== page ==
The Most Important Charts For Wine Lovers


While everyone continues to focus on stocks, a much larger, far more important situation is fermenting for wine lovers: global wine production crashes to 50-year low.

New data from the International Organization of Vine and Wine (OIV) indicates total world output is projected to hit 246.7 million hectoliters in 2017– an 8% drop compared with 2016 “one of the lowest levels for several decades”.

According to the drinks business,

Global wine inventories were already slightly tight going into 2017, but the decline in production in these key European producers will mean that the global wine industry is going into 2018 with inventories that are likely to be at least 20m hectolitres lower than they were going into 2017 – equivalent to nearly 8% of total global wine consumption. Wine available for consumption around the world will be at its lowest point in decades.

Why is there a global wine shortage? 

A new report issued from OIV indicates lower production levels were blamed on ‘extreme weather’ in Italy, France, and Spain – top 3 producers in the world. 

Meanwhile, Portugal, Romania, Hungary, Austria, the U.S. and countries in South America have seen a rise in production compared with 2016.

  • Very low production in Europe: production levels were at a historic low in Italy (39.3 mhl), France (36.7 mhl) and Spain (33.5 mhl). Germany (8.1 mhl) also recorded low production. Portugal (6.6 mhl), Romania (5.3 mhl), Hungary (2.9 mhl) and Austria (2.4 mhl) were the only countries to see a rise compared with 2016.
  • An even higher level of production was recorded in the United States (23.3 mhl).
  • In South America, production increased compared with the low levels of 2016, particularly in Argentina (11.8 mhl) and Brazil (3.4 mhl). In Chile (9.5 mhl), vinified production remained low.
  • Australian production (13.9 mhl) grew and New Zealand production (2.9 mhl) maintained a very good level despite a slight decline.

BBC indicates wildfires in California occurred after the harvest and will have minimal impact besides a 1% drop in production.

Output in the US – the world’s fourth-largest producer and its biggest wine consumer – is also due to fall by only 1% since reports indicate wildfires struck in California after the majority of wine producers had already harvested their crops.

2017 Wine production in the main producing countries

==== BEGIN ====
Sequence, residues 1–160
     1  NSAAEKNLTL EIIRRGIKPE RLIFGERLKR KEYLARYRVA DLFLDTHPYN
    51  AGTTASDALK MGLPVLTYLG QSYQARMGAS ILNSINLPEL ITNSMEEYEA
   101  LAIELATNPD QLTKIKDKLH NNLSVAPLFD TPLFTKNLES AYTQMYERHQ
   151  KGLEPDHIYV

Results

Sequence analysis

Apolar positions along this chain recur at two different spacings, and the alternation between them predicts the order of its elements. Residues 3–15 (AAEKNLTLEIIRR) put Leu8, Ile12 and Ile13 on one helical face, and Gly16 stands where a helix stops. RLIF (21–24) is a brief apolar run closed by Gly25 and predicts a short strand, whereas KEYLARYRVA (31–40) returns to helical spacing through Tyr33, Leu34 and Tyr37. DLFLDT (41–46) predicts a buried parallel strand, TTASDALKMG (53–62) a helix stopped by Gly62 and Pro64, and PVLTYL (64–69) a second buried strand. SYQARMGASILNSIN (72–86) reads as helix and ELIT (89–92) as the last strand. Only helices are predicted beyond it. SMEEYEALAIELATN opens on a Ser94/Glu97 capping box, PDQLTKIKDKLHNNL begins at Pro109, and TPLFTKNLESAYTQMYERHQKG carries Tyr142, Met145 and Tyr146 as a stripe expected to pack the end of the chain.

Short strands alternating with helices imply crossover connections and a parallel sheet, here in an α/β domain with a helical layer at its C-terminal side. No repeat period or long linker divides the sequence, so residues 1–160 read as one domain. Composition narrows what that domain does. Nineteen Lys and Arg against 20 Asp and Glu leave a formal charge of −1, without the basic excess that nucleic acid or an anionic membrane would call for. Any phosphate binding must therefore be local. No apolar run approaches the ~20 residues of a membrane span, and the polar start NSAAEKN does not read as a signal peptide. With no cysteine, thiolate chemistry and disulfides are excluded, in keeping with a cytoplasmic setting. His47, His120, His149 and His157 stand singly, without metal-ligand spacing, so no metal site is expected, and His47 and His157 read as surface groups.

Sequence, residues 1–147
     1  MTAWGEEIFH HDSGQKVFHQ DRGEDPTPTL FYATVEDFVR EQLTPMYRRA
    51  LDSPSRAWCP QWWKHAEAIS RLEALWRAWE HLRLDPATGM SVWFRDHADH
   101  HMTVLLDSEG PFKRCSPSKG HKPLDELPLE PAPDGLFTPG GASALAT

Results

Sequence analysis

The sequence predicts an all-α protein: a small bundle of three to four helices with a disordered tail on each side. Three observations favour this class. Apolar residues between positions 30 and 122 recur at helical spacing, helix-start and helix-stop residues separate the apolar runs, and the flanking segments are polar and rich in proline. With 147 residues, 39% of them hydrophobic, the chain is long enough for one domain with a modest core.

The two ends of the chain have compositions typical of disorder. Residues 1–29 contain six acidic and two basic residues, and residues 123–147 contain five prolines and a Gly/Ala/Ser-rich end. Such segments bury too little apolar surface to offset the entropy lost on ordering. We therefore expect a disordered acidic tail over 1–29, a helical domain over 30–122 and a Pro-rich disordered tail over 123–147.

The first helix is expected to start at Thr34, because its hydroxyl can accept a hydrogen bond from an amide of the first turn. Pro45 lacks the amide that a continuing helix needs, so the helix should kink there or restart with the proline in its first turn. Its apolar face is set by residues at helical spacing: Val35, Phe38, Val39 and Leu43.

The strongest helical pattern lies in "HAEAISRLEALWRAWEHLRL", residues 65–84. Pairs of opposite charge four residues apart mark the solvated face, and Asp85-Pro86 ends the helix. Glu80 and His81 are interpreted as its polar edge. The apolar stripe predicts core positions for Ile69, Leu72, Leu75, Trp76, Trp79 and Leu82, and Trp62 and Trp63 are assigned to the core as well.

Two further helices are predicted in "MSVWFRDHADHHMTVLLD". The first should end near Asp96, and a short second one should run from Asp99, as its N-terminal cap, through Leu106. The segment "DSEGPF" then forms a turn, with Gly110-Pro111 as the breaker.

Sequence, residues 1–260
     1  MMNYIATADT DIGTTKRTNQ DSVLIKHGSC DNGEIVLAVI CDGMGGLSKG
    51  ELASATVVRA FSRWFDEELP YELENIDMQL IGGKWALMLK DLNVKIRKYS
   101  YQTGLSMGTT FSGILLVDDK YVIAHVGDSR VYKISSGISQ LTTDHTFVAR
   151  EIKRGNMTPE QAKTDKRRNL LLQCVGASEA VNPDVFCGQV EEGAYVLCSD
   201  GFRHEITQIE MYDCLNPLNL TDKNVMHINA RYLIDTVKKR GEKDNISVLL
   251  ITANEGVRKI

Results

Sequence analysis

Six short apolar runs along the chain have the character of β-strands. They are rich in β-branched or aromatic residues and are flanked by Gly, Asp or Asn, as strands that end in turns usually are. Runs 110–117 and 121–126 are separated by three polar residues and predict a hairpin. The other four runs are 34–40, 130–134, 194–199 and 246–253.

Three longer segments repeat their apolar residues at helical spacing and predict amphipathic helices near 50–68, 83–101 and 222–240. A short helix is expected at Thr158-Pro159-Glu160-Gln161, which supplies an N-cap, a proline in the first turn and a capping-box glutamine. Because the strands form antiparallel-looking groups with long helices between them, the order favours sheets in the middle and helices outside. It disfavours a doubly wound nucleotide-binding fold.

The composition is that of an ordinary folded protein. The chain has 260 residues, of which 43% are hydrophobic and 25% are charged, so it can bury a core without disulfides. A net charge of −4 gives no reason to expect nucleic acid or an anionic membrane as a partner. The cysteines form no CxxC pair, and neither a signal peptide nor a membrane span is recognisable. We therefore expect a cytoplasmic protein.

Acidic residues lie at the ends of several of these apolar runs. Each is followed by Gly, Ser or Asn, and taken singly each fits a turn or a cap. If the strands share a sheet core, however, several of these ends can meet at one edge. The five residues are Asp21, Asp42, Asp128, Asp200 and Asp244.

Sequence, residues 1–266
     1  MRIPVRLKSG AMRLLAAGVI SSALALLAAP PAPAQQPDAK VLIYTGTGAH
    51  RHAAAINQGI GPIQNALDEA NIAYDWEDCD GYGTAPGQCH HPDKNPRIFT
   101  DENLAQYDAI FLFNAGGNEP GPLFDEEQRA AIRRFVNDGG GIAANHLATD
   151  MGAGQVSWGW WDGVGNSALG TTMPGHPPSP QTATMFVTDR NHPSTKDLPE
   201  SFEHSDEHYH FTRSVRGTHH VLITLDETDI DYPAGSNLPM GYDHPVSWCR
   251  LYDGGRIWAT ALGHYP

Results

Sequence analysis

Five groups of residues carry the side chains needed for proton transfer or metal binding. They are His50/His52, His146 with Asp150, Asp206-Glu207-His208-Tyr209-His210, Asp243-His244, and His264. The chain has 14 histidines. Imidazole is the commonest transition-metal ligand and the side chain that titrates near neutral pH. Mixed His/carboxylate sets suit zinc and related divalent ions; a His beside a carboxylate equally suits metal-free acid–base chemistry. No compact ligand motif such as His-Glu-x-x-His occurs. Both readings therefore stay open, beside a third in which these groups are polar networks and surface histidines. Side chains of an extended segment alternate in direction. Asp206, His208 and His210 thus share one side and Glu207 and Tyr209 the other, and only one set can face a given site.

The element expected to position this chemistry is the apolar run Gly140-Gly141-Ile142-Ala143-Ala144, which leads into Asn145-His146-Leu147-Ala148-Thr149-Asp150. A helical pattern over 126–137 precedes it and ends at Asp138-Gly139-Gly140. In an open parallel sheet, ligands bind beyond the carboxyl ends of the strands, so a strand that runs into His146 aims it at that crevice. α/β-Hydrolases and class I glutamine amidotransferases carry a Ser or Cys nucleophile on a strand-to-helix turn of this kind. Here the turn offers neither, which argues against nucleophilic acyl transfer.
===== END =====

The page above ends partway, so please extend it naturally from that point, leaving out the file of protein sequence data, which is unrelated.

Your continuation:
The VINEX is an independent web-based exchange connecting major buyers and sellers who trade bulk wine in high producing countries. VINEX Global Price Index (VGPI) shows bulk wine prices soaring in the past 1.5-years.

In addition to skyrocketing wine prices, world wine consumption (demand) continues to weaken from a 2008 peak, along with printing underneath the mean. Estimated wine consumption for 2017 is in the range 240.5 to 245.8 mhl.

The bottom line for wine lovers is higher prices in the future.

You’re witnessing one item a central bank cannot control = food price inflation. Just remember, food price inflation has toppled empires. You’ve been warned.


Anteater E.F. Mutton Wed, 10/25/2017 - 14:03 Permalink

That Merlot is the high-performer just shows how f'd up the oenophile media is, pushing that dreck, when you can havea nice bottle of Sauvignon Blanc for 10% off the huge $15a bottle they charge for merlot, which is $3 cask wine witha dollop of fruit concentrate, and a splash of corn ethanol.They call it 'Five Buck Chuck' for a reason. I've been totallylucky to sample an old bottle of Chateau Neuf de Pap, andthat was incredible, then got to sample a magnum of oldRothschild's champagne, and that was outstanding. We getjust the wine dregs, the sulfated, methanol-tweaked dregsmade from the surplus raisin crop, lol.

In reply to by E.F. Mutton

Greenspazm Wed, 10/25/2017 - 14:06 Permalink

"higher prices in the future"--not buying it. Check any supermarket or wine merchant in the EU, they have always had huge amounts of wine on offer that nobody buys.  Similar situation to channel stuffing by car dealers.

rf80412 Wed, 10/25/2017 - 16:01 Permalink

Switch to dry-farmed vines that will produce smaller crops and/or smaller grapes with proportionately more skin and more sugars in them.  Save the costs of irrigation and give yourself the kind of grapes that the best wines are made from.  In particular, the wine won't need to be heavily oaked to give it flavor.  Sell a smaller volume of a higher quality of product that consumers will pay a premium for.

Uranium Mountain Wed, 10/25/2017 - 20:45 Permalink

Sometime in the future...  Revelation 6:6New King James Version (NKJV)6 And I heard a voice in the midst of the four living creatures saying, “A quart[a] of wheat for a denarius,[b] and three quarts of barley for a denarius; and do not harm the oil and the wine.”